• Ultraviolet Photography
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Well guess I had to try...

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#1 microbat52

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Posted 17 January 2021 - 19:18

I never put photos of myself on the internet but guess I dont even recognise myself so should be fine.

In IR, I think I was using the 760nm filter. I have no idea who this blue eyed fairy is. So freaky but I love it.
Posted Image

Then I tried UV. It was hard. The sun is low and super soft. I didnt manage to figure acceptable settings before getting hungry and heading back home. Its noisy and the contrast is rubish.
She looks like a witch kinda and I like that.
This was using the ZWB1 and BG39, 2.5" f4.5 and iso 1600 ( this camera cant really handle iso above 800, I need more sun)

Posted Image

(Ugh any help with this one appreciated, im a bit confused with the violets in the sky and the lack of contrast everywhere else)

#2 Andy Perrin

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Posted 17 January 2021 - 20:26

Did you flip the channels in the UV photo? (Most of us don't do that, except for Clark, so it's good to write "presented as BGR" somewhere so people can interpret your image properly). Typically un-channel-flipped UV photos have yellow skies if you white balance off something UV-neutral like PTFE/Teflon.

Aside from that, it looks fine. In UV there is very little diffuse reflectance from the surroundings, unlike in the IR, so you need direct light on your subject. It looks like the light may be coming from behind here, and that's part of the exposure problem.
--

I love the IR one, you make a nice fairy.

Edited by Andy Perrin, 17 January 2021 - 20:29.


#3 microbat52

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Posted 17 January 2021 - 22:08

Thanks Andy

No I didnt swap anything, and Im not sure what to white balance it against since I dont think I have any PTFE... I just let darktable balance it out for me..
Any alternatives to white balance on? Items easy to get hold of?

Ill try see if i can get yellow skies.

The sun was in my face but it was low winter light with high clouds so very very soft. I need spring to arrive already!!!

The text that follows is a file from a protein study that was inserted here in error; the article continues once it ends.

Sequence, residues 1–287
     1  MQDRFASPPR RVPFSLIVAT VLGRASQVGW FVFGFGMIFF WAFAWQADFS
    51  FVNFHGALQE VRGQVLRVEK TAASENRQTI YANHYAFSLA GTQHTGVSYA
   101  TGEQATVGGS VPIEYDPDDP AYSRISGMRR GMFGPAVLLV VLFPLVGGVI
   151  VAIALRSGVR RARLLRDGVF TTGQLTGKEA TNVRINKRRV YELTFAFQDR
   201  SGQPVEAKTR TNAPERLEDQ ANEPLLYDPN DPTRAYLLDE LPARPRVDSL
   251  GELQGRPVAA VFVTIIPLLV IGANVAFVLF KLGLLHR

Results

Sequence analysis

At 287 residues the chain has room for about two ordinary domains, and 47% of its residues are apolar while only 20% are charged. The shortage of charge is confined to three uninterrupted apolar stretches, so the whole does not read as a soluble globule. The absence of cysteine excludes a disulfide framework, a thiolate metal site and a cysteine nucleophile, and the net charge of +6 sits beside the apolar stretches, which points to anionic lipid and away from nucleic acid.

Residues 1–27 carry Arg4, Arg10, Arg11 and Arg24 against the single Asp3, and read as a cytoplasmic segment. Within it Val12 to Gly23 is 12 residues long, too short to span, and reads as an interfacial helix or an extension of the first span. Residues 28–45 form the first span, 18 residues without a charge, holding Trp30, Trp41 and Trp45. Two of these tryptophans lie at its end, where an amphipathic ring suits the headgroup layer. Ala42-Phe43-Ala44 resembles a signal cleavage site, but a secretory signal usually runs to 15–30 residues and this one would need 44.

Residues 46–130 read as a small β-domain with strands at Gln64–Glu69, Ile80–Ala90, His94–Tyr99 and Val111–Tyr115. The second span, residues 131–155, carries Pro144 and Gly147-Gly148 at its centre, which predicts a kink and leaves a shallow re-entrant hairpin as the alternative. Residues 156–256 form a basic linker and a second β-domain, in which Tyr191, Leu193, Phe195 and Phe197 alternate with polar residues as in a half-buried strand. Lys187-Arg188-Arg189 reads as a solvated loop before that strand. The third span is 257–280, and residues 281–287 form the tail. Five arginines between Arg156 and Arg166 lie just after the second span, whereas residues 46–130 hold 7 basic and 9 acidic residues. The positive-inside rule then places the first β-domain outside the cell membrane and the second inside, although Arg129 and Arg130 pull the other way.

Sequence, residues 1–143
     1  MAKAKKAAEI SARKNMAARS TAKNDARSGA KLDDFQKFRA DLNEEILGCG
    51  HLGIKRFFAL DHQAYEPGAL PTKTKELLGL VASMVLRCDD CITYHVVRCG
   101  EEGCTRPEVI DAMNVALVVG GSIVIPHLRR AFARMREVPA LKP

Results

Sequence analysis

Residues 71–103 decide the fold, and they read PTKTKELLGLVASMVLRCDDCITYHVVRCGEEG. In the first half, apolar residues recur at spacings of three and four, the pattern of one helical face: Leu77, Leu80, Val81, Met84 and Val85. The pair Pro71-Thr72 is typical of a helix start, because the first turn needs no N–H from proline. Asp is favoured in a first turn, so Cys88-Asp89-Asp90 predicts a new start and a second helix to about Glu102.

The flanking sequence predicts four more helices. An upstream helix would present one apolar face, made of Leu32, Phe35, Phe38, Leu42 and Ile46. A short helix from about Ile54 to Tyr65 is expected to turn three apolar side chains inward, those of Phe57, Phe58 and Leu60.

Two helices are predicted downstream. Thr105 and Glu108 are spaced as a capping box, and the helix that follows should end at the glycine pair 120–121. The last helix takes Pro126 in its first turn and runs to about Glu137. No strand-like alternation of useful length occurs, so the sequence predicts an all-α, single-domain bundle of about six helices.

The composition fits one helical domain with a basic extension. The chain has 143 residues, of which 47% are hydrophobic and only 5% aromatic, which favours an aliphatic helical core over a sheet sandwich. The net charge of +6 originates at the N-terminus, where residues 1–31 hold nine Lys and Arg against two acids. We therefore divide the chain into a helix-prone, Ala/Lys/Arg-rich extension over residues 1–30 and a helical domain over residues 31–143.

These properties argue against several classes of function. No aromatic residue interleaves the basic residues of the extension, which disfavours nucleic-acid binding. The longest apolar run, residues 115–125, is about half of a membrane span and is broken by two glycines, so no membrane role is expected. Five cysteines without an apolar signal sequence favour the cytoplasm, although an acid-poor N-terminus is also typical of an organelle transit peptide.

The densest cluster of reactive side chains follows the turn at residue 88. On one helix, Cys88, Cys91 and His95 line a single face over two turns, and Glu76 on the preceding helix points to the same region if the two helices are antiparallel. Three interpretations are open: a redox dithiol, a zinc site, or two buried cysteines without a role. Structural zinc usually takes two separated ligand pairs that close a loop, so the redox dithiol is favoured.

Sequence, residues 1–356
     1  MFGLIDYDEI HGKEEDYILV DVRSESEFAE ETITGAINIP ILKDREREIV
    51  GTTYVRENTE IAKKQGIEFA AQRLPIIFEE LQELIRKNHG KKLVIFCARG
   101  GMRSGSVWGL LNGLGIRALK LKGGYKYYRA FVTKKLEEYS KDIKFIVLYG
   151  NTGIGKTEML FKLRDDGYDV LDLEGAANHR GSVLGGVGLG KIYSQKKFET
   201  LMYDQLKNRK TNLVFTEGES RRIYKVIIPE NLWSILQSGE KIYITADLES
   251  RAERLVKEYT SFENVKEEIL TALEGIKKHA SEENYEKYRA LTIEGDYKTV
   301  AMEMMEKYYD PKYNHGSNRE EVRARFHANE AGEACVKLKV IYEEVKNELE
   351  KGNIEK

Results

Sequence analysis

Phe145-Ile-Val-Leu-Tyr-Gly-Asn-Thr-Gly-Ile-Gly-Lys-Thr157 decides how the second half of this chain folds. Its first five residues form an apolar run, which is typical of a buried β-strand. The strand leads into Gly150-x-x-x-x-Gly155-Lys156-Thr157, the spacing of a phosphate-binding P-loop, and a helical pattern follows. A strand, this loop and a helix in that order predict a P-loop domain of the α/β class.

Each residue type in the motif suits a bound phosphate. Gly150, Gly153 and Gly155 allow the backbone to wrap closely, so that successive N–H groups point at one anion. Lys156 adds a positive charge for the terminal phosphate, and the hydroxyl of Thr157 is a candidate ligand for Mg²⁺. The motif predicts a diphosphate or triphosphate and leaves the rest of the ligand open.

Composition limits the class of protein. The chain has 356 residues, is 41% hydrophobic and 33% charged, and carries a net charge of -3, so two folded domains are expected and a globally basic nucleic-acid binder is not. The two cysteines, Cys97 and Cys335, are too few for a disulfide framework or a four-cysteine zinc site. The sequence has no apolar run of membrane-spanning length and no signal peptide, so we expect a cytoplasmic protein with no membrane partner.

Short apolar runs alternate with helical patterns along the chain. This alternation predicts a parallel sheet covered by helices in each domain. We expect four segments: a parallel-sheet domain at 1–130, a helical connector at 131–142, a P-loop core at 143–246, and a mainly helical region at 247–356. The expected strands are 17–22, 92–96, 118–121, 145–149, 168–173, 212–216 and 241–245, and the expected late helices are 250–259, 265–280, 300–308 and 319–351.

#4 Andy Perrin

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Posted 17 January 2021 - 22:22

PTFE is cheap and easily available on eBay. You can in-camera white balance off any asphalt street and it will get you in the ballpark though, assuming you have one of the cameras that can set a UV white balance in-camera in the first place (I believe Nikons can't, Sony definitely can since that's what I have, and I don't know about the rest). If you have the RAW in PhotoNinja, you can click white balance off anything magenta and it will also work. I don't know if darktable allows a UV white balance to be set. Some programs can (PhotoNinja, for example) but some can't (Adobe Photoshop, notoriously).

The truth is just that in UV, objects like to absorb, and that makes for dim scenes. It's a dark world in UVA, and it only gets darker as you head towards UVB and UVC (no sun!).

Old selfie with half-sunscreened face (in direct sunshine, no clouds, in summer):
Attached Image: _DSC2578 selfie full size denoise+curves+highlight reduced small.jpg

I look way too smug, but in my defense I was thinking "I finally got an in-focus UV selfie!"

Edited by Andy Perrin, 17 January 2021 - 22:37.


#5 Stefano

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Posted 17 January 2021 - 22:23

I would also add that the sky is relatively bright in UV, and a significant amount of UV light comes from it. That’s why shadows aren’t very dark in UV, while they are very dark in IR. You should face the brightest sky region to have more illumination.

#6 Cadmium

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Posted 17 January 2021 - 22:27

I like your hat :smile:

#7 dabateman

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Posted 17 January 2021 - 23:36

Stunning!

The UV looks correct to me. Depends really on the lens. I used to create a custom white balance off black asphalt. That would work most of the time. If not some plumbing tape wrapped around a business card or a block of PTFE (same thing) will work.
If your not afraid of the command line. Trying dcraw might actually white balance it off average. Its not too far off into the blue/purple.

#8 microbat52

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Posted 17 January 2021 - 23:54

Ill try the asfalt, although i think unless i get enough sun my camera will struggle to white balance it.